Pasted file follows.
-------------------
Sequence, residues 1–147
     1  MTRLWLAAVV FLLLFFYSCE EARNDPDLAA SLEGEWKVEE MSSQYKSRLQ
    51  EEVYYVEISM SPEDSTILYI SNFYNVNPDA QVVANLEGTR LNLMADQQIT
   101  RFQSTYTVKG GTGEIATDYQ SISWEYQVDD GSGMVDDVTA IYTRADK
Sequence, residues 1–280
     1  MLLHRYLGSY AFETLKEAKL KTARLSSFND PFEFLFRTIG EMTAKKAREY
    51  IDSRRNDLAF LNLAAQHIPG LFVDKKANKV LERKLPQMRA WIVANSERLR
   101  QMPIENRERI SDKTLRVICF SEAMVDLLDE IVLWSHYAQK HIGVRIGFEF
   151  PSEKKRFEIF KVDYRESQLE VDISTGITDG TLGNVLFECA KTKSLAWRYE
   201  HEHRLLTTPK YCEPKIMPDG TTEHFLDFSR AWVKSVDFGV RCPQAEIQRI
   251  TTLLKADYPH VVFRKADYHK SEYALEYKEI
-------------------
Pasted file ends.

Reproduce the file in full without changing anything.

Sequence, residues 1–147
     1  MTRLWLAAVV FLLLFFYSCE EARNDPDLAA SLEGEWKVEE MSSQYKSRLQ
    51  EEVYYVEISM SPEDSTILYI SNFYNVNPDA QVVANLEGTR LNLMADQQIT
   101  RFQSTYTVKG GTGEIATDYQ SISWEYQVDD GSGMVDDVTA IYTRADK
Sequence, residues 1–280
     1  MLLHRYLGSY AFETLKEAKL KTARLSSFND PFEFLFRTIG EMTAKKAREY
    51  IDSRRNDLAF LNLAAQHIPG LFVDKKANKV LERKLPQMRA WIVANSERLR
   101  QMPIENRERI SDKTLRVICF SEAMVDLLDE IVLWSHYAQK HIGVRIGFEF
   151  PSEKKRFEIF KVDYRESQLE VDISTGITDG TLGNVLFECA KTKSLAWRYE
   201  HEHRLLTTPK YCEPKIMPDG TTEHFLDFSR AWVKSVDFGV RCPQAEIQRI
   251  TTLLKADYPH VVFRKADYHK SEYALEYKEI